Advocating for agriculture and co-ops on Capitol Hill
This story was updated on Dec. 9, 2020.
Getting a policymaker’s attention takes persistence and a strong message — and that’s in a normal year. Add an election year, weather disasters, a global pandemic and a contentious Supreme Court nomination, and the result is background chatter off the charts and minuscule attention spans.
Finding ways to work through that noise in Washington, D.C., and key state capitals, the CHS Government Affairs team continues to advocate for farmers, ranchers and cooperatives.
“We experienced unprecedented disruption to our work and strategies,” says John Engelen, who leads the CHS Government Affairs team. “In what was already a difficult legislative environment given heightened partisan acrimony, we found ourselves contending with new challenges in the workplace and the Congressional policy agenda as lawmakers shifted their focus to crafting the rules and regulations that determined how companies like CHS could continue to operate during the pandemic.”
Still, speaking up for agriculture has never been more important, Engelen adds. “Few Americans have connections to the farm or ranch now and the situations that affect agriculture are complex. As rural counties continue to lose population, we need to help policymakers understand the needs of the ag businesses that are critical to the U.S. economy and world food supply.”
CHS Government Affairs team members Dan Mauer and Will Stafford, based in Washington, D.C., provided the following updates on key issues facing agriculture:
On Capitol Hill, the Section 199A (DPAD, or Domestic Production Activities Deduction) debate is known as “the one that just won’t go away.” Long after most thought they’d never have to mention the “grain glitch” again, we’re still fighting to prevent a significant tax increase on U.S. farmer-owned cooperatives.
Leveraging the strength of CHS owners and working with the other cooperatives that make up the National Council of Farmer Cooperatives, we are continuing to engage with members of Congress, senior Capitol Hill staff and key Treasury Department officials on this topic.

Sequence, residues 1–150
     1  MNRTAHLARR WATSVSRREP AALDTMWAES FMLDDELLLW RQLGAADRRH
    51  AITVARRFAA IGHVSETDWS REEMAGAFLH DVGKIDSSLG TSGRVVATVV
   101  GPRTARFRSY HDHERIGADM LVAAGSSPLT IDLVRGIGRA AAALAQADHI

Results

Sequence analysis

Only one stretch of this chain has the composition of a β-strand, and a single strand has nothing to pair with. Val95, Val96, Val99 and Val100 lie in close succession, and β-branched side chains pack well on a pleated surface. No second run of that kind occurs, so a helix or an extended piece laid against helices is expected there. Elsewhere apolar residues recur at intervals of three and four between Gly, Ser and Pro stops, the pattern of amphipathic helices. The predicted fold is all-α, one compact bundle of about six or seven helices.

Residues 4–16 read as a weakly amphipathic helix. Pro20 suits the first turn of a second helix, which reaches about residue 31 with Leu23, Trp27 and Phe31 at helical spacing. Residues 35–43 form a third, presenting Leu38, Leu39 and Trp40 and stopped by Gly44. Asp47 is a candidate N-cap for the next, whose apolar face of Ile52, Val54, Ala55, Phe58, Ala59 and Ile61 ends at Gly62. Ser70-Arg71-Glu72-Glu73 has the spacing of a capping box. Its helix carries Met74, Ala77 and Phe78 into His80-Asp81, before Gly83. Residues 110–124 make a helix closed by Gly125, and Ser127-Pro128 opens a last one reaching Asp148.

The Treasury Department is very close to completing a final rule to implement the so-called grain glitch agreement from 2018. Initial drafts of the Treasury rule would have imposed significant restrictions on the ability of a farmer-owned cooperative to calculate and use Section 199A (DPAD) credits. The CHS Government Affairs team has met extensively with key Congressional tax policymakers and Trump administration officials to explain cooperative patronage, DPAD and the negative financial burden the proposed rule would have on co-ops and farm businesses.
It’s frustrating that there was confusion when Congress directed the Treasury Department to replicate the previous Section 199A as it was in effect before its repeal. We will continue educating those who need educating, providing facts to overcome distortions and showing how critical it is to our nation’s farmers for both patronage and nonpatronage income to be deductible.
The U.S. Environmental Protection Agency (EPA) issued its final rule in May 2019 to allow E15 to be sold year-round, and the Trump administration has recently pushed policies that will help renewable fuels producers, including CHS. Within a month, the administration announced E15 could be sold in E10 pumps and infrastructure and gave a 90-day extension to the expired tariff rate quota that allowed 198 million gallons of U.S. ethanol to flow into Brazil duty-free. Unfortunately, it also denied 54 small refinery exemptions (SRE) to the Renewable Fuel Standard (RFS), which will have a detrimental effect on the CHS energy business as the company has previously received SREs for the Laurel, Mont., refinery.
Those steps represent significant federal assistance to the biofuels industry at the same time our economy is struggling to adapt to a COVID-19 world. Election season may also have had something to do with timing of the announcements, since President Trump wanted to consolidate support in rural America while bolstering vulnerable Republican senators, including Iowa’s Joni Ernst.